Central Saint Martins by Stanton Williams
Stanton Williams’ transformation of a Victorian granary into a campus for Central Saint Martins College of Art & design has made inventive reuse of original features.
Architect Stanton Williams
Location Eastern Goods Yard, King’s Cross, London
Completion date August 2011
At the height of the Victorian boom, a collection of industrial buildings to the north of London’s King’s Cross station and Regent’s Canal formed a major goods interchange enabling raw materials to be transferred between rail, road and canal. The most notable was the brick, cast-iron and timber. Granary designed by Lewis Cubitt in 1851 to store sacks of Lincolnshire grain.
The imposing six-storey 55m x 31m building is being restored to form the main front of the University of the Arts London’s Central Saint Martins College of Art & Design as part of Stanton Williams’ £110 million (shell and core) competition-winning redevelopment of the site. The scheme, which began on site in 2008, will transform the 5.1ha derelict site into a new 39,000sq m campus.
“Our design draws inspiration from the ambition and scale of its Victorian architectural setting,” says Stanton Williams director Paul Williams, “and introduces a strong contemporary intervention that celebrates the juxtaposition of old and new in its detailing.”
The grade II listed building will be adapted to function as the college’s library and offices and will face onto the new Granary Square leading down to Regent’s Canal.
On either side, the building is flanked by transit sheds, also designed by Cubitt and grade II listed. The two sheds are each 180m long x 25m wide and 7.6m high, and run northwards towards the rear of the site. The architect is converting the eastern shed into workshops for the college, while the developer plans to turn the western shed into shops and offices.
“A sense of history has been retained,” says Williams. “The way we refurbished the old buildings is to keep as many of the pulley systems, harnesses and winches as we could. When you walk through the building, you will be able to understand how it was used in 1851.”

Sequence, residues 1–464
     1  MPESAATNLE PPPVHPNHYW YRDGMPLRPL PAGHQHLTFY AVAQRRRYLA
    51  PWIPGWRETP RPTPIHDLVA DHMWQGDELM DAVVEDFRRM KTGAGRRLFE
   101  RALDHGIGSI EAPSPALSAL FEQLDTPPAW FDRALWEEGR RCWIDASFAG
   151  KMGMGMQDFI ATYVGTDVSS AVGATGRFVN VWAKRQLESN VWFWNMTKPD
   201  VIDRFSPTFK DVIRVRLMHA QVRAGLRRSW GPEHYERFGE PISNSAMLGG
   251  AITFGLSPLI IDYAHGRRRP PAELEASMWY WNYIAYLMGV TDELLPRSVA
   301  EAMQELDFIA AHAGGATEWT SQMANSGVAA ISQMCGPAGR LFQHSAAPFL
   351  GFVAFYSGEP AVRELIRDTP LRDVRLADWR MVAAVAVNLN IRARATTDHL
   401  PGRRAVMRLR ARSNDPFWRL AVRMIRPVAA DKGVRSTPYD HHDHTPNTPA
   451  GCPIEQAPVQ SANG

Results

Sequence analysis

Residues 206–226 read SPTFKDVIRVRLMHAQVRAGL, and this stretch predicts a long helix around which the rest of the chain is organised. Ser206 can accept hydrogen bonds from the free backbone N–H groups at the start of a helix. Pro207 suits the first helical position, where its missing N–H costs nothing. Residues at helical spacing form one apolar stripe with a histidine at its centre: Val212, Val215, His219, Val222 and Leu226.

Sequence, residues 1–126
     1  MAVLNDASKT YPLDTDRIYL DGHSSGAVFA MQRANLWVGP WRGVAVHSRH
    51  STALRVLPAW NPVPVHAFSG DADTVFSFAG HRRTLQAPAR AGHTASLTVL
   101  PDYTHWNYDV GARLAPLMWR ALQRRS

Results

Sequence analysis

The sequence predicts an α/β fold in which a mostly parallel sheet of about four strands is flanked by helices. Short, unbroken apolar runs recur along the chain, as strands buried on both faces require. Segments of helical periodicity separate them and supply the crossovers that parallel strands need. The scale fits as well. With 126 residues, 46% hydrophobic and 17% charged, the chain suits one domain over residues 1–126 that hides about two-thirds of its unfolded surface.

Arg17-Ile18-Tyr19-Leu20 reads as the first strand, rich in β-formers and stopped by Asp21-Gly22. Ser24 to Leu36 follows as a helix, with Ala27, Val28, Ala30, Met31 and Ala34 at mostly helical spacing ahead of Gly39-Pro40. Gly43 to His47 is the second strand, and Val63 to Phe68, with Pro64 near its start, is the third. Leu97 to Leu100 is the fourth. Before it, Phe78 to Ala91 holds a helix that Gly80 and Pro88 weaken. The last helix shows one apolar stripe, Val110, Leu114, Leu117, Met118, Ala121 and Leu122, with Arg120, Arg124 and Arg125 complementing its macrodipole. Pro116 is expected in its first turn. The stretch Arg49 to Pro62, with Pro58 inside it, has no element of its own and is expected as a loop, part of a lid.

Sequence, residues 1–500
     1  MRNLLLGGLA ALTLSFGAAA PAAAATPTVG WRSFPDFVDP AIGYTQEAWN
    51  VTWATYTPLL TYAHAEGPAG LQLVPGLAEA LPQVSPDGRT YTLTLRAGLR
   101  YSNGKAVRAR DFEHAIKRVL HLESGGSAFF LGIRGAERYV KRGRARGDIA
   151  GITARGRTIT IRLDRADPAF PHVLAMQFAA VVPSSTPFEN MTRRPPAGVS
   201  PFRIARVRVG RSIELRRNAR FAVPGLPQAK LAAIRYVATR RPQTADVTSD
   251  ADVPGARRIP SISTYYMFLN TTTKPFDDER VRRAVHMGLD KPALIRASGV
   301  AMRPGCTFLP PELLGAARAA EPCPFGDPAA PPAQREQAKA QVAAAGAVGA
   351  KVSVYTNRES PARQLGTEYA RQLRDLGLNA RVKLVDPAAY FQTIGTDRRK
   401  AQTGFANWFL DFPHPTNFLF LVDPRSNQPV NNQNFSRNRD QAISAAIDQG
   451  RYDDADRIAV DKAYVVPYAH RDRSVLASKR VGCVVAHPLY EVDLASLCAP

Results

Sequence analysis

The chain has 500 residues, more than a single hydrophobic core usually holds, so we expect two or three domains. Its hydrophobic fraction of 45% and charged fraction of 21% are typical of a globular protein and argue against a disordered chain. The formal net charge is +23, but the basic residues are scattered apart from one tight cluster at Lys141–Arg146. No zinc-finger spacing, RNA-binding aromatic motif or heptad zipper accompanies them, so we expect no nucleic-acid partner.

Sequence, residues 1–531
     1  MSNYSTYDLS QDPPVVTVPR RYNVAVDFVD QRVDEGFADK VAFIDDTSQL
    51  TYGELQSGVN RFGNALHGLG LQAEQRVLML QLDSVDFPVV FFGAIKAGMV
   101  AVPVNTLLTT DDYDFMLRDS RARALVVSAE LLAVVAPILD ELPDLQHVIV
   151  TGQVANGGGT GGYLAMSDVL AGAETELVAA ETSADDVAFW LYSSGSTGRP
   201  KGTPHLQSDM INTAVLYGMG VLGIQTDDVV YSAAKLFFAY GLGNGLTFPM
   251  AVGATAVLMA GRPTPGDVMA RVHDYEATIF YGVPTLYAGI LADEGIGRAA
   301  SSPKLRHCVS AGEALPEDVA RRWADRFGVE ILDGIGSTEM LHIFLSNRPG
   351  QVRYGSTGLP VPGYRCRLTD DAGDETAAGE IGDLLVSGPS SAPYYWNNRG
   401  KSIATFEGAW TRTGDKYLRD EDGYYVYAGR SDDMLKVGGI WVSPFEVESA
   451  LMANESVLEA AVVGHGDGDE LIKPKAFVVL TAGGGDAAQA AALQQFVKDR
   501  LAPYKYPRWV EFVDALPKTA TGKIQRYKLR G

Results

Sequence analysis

The space between the two sheds, originally occupied by assembly sheds, will now house a substantial new four-storey concrete building, containing studios and performance spaces arranged around an ETFE-covered top-lit central “street”.
Between this and the Granary building, a semi-external “street” called the east-west link will allow the public restricted access to the college. At the northern end of the development will be a new centre for the performing arts with its own entrance, housing a theatre, rehearsal and teaching spaces.
The east-west link lies directly behind the Granary, providing a visual break between old and new, and acting as a public gathering space at the heart of the new campus. The 15m-wide route, increasing to 22m at either end, is covered with a roof that extends out from the new building and stops short of the Granary’s roofline. The remaining space is covered with a “ribbon of glass”.
The solid roof has a steel structure comprising north south primary beams at 4.6m centres supported from the new studio buildings with a metal deck and single ply membrane roof covering. Fabricated mild steel cranked tee beams, fixed to the primary structure, rest on a 200 x 90mm horizontal steel parallel flange channel recessed into the Granary brickwork. The glass “ribbon” is located below the cranked structure and is recessed into a metal lining inserted into the Granary brickwork, to accommodate horizontal movement and to form a waterproof seal.
Daylight is drawn in through three 3.8m-diameter circular apertures in the ceiling, shaped to reflect the railway turntables once found at ground level. The openings are enclosed with transparent ETFE cushions and large architectural lights have been fitted within to illuminate the space at night.